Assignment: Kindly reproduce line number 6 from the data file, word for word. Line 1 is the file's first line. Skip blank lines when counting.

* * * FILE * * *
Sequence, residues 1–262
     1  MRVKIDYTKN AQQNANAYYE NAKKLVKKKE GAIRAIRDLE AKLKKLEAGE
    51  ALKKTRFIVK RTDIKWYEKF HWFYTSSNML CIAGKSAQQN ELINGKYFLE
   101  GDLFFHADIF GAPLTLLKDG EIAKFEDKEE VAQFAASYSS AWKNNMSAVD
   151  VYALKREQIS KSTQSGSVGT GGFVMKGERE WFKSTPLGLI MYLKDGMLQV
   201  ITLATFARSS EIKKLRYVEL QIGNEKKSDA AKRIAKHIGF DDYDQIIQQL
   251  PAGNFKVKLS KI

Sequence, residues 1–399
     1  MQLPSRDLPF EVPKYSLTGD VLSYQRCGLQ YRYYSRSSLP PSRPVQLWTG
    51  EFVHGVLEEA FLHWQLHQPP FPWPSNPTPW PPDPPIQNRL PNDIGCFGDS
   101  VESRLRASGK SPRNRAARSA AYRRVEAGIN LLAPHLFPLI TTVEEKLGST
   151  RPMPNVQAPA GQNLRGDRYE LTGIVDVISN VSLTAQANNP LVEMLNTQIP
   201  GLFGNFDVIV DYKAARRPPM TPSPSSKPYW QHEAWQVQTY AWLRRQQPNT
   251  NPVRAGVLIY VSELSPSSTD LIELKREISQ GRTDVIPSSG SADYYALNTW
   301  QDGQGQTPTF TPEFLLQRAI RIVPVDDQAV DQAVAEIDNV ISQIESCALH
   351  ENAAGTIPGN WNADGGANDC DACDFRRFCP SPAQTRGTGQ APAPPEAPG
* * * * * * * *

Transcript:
   201  ITLATFARSS EIKKLRYVEL QIGNEKKSDA AKRIAKHIGF DDYDQIIQQL